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Bennett's Stoke


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Knype - Bennett's Stoke

Knype is the name Arnold Bennett gave to the Potteries town of Stoke-upon-Trent in his Five Town novels.

"Edwin and Janet stood together on the windy and bleak down-platform of Knype Station, awaiting the express, which had been signalled. Edwin was undoubtedly very nervous and constrained, and it seemed to him that Janet's demeanour lacked naturalness. Then the train appeared, obscure round the curve, and bore down formidable and dark upon them, growing at every instant in stature and in noise until it deafened and seemed to fill the station; and the platform was suddenly in an uproar."

The Loop Line

Bennett made use of the Potteries loop line that during the late 19th century provided a much needed form of transport between the towns. The loop line emanated at Stoke Station.

"In a second-class compartment of the Loop Line train with Sophia and Fossette opposite to her, Constance had leisure to 'take in' Sophia. "Well I never!" cried Sophia, suddenly. She had glanced out of the window and had seen two camels and an elephant in a field close to the line, amid manufactories and warehouses and advertisements of soap. "Oh!" said Constance. "That's Barnum's, you know. Hey have what they call a central depot here, because it's the middle of England." Constance spoke proudly.

Sophia hit on the excellent idea of noting all the buildings that were new to her and all the landmarks that she remembered. It was surprising how little the district had altered. "Same smoke!" said Sophia. "Same smoke!" Constance agreed. "It's even worse" said Sophia. As the train puffed under Trafalgar Road, Constance pointed to a new station that was being built there, to be called 'Trafalgar Road' station. " Won't it be strange?" she said, accustomed to the eternal sequence of Loop Line stations - Turnhill, Bursley, Bleakridge, Hanbridge, Cauldon, Knype Trent Vale and Longshaw. A 'Trafalgar Road' inserting itself between Bleakridge and Handbridge seemed to her excessively curious. She indicated the glories of Bursley Park, as the train slackened for Bursley, with modesty. "

see more on the Potteries Loop Line


Stoke City Football Club dates back to 1863 and is the second oldest association club in the country. The former "Victoria ground" in Boothen Old Road, produced 31 internationals, including the great Sir Stanley Mathews. Arnold Bennett exploited the adherence of loyalty that's come to symbolise the almost fanatical support the club enjoys from its supporters, in the jovial novel "The Card."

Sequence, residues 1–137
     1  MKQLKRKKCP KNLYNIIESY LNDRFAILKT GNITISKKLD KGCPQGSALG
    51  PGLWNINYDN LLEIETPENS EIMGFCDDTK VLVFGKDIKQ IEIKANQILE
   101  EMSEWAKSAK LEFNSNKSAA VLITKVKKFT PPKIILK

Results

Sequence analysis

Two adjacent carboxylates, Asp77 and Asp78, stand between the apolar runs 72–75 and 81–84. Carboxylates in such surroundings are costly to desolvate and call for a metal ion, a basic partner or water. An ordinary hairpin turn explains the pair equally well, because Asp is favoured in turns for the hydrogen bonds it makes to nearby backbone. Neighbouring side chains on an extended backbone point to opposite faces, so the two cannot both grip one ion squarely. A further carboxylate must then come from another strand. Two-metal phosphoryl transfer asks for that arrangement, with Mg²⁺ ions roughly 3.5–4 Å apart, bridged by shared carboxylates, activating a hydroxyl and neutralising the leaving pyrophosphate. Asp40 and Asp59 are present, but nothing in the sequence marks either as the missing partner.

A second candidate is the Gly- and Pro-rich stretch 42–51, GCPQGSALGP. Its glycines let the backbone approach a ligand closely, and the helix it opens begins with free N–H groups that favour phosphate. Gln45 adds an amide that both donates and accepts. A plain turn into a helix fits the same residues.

"There were two "great" football clubs in the Five Towns - Knype, one of the oldest clubs in England, and Bursley. Both were in the League, though Knype was in the first division, whilst Bursley was only in the second. Both were, in fact, limited companies, engaged as much in the pursuit of dividends, as in the practice of the ancient and glorious sport which appeals to the reason and the heart of England. Neither ever paid a dividend. Both employed professionals, who, by a strange chance, were nearly all born in Scotland ; and both also employed trainers who, before an important match, took the teams off to a hydropathic establishment far, far distant from any public house. This was called training.

Now, whereas the Knype Club was struggling along fairly well, the Bursley had come to the end of its resources. The great football public had practically deserted it. The explanation, of course, was that Bursley had been losing too many matches."

the Potters on their way to a Stoke match
the Potters on their way to a Stoke match
(Bennett's Knype)
(picture: Sid Kirkham)

Bennett observed that to the people of the Potteries football was an all abiding passion. He wrote in his journal;

"Grown men no longer play at marbles, as they used to when I went to school. Of the more ancient diversions, pigeon-flying alone remains a very harmless hobby. Football alone reigns supreme and has no serious rival. The potteries was one of the first centres of football, and in the history of the Association game, the name Stoke on Trent is glorious.

Football has the characteristics of force and violence and spectacular bigness which could not fail to attract a race as the potters. Cricket is much practiced, and golf waxes yearly, but there is nothing like football in North Staffordshire."

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